This government is responsible for the disastrous situation in Polish hospitals. Back in 2017, when healthcare workers went on strike demanding higher pay and improved working conditions, the government showed doctors and nurses complete disregard, exemplified by the words of one ruling party MP: “they should emigrate!”. No concession was granted to healthcare workers, who are now bearing the brunt of a pandemic that has rocked working communities the hardest.
Meanwhile, Prime Minister Mateusz Morawiecki has been pointing fingers, looking for anyone beside his government to blame for the disorderly vaccination programme. There is no getting away from the fact that his government has had since December last year, when they knew a vaccine would soon be available, to prepare for its distribution. Above all, they have failed to prepare for a third wave in Poland, despite knowing of the British mutation for months.
Meaningless apologies and pivotal elections
Back in July 2020, Morawiecki proclaimed victory against the virus: “We should not fear this virus anymore; it is on the retreat.” Faced with the undeniable reality of his failure to manage COVID-19, he recently apologised for these remarks, admitting they were “misguided”.
It’s been a strange week with not one but two government figures apologising for blatant errors. Apologies are a rare sight in Polish politics. But these apologies are close to meaningless. The incompetence of both Morawiecki and Dworczyk has cost human lives and many are rightly calling for them to step down.
The Poles are a humorous nation that like to turn their politicians’ failings into jokes. The Minister for State Assets, Jacek Sasin, became an Internet meme after he spent 70 million zloty (about £14m) on elections that, in the end, never took place. The elections were scheduled for May 2020 before the pandemic hit. Instead of postponing, the government announced a mail-in ballot election and proceeded with preparations, despite it violating a 2011 Constitutional Tribunal ruling. In the end, failure to properly organise the elections, which were not postponed, meant they simply did not happen. As a result, new elections were called, this time for June 2020. The printed-out ballots proved unusable as the candidates listed were not accurate. The grand total of ’70 million on elections that never happened’/’Jacek Sasin wydał 70 milionów na wybory, które się nie odbyły’ became a viral caption.
But when leaders’ mistakes cost lives, even Slavic humour is tested. Patience for this government, and its incompetent handling of the pandemic, is running thin. Another viral line, ‘if you live in Poland, you don’t laugh on April Fool’s Day’/’Kto żyje w Polsce, ten w Prima Aprilis się nie śmieje’, perhaps sums up the mood among Poles most adequately.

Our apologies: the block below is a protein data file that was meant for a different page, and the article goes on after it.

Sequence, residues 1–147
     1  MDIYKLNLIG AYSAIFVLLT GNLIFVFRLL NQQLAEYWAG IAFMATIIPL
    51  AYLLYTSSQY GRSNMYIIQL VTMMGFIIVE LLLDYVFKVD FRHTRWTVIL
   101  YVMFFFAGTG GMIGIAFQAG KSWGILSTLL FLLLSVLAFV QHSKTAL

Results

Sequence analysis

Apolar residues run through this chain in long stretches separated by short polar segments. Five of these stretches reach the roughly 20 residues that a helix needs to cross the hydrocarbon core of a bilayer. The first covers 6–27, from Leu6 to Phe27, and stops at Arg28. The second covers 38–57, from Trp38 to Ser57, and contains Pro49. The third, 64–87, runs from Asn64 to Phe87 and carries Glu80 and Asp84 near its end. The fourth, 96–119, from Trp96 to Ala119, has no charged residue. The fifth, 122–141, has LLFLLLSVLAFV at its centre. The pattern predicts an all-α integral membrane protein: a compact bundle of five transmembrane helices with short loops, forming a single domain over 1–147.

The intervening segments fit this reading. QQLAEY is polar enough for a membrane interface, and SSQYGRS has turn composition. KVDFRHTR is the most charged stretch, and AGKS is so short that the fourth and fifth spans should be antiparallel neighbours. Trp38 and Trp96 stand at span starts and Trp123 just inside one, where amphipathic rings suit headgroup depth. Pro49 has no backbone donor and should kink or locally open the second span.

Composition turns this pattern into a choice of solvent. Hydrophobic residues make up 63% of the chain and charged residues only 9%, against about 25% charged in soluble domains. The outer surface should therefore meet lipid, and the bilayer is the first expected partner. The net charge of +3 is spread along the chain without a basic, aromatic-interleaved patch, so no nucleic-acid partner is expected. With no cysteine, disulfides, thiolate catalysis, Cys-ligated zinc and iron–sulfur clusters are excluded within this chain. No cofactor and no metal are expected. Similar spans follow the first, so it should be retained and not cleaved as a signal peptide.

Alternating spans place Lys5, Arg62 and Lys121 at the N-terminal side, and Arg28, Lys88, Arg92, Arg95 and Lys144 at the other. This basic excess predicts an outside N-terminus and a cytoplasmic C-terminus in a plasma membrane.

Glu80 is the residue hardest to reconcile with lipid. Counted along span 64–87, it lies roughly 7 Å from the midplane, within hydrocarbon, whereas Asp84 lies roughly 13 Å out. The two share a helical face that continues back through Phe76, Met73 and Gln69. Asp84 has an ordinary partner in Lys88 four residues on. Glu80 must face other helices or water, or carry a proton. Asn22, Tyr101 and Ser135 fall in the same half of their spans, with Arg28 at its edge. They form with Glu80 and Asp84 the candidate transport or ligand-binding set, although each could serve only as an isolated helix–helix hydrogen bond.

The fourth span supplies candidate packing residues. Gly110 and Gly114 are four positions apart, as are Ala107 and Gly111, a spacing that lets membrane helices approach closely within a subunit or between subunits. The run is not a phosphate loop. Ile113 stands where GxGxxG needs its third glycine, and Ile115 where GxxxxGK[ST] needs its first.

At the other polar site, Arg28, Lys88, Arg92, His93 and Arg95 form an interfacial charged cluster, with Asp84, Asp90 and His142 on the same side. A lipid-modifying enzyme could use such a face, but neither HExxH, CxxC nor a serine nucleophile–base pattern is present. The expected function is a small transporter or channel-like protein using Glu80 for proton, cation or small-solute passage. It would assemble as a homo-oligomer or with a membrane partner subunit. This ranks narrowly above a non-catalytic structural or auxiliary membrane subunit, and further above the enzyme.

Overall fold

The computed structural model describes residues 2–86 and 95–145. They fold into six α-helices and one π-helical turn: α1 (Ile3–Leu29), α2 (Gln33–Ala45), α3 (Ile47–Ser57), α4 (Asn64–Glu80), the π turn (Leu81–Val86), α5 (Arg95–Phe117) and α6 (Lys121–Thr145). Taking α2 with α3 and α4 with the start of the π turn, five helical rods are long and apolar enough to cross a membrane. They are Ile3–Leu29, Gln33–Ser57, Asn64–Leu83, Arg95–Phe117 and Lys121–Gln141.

There is tentative hope that things may finally begin to improve for Poles. The vaccination programme is beginning to speed up and there is cautious optimism that the latest lockdown could ease pressure on the healthcare system (despite the fact that churches were predictably exempt from lockdown during Easter week). But this government has already done enough damage. This time, slick PR and stirring anti-LGBT sentiment will not be enough to save them. The upcoming mayoral elections in the city of Rzeszów will be an important marker for the future of Polish politics. It is perhaps not a mere coincidence, therefore, that the city has one of the highest vaccination rates in the country.
This is an important mayoral election and it can be viewed with cautious optimism by the country’s opposition. As Michał Kobosko, journalist and leading figure in the popular Polska2050 party, recently remarked in Wyborcza, the future of Polish politics might well be decided in Rzeszów. He is right, even if his own party recently lost face after its leader Szymon Hołownia, TV celebrity-turned-populist politician, bragged online about having taken advantage of the glitched appointments system to vaccinate himself ahead of the queue.
The result of the Rzeszów mayoral vote could do one of two things: encourage the government to call a snap election in a bid to capitalise on a good result and secure a big majority in the legislature, or provide a desperately-needed boost to the opposition. A third and worrying option is also foreseeable: Grzegorz Braun, far-right MP and conspiracy theorist, is also on the ballot and one would be unwise to write him off. He is a popular MP from the region who has gained widespread support for opposing lockdown measures and questioning the severity of the pandemic.
Within the last week we have witnessed a cruel glitch in the country’s vaccination programme, suspiciously political distributions of life-saving vaccines, and a near-total collapse of the healthcare system. It is difficult to judge whether our incumbent leaders are incompetent fools, purposeful crooks, or both. Whichever it is, the time has come for a criminally negligent government to so something patriotic: step down.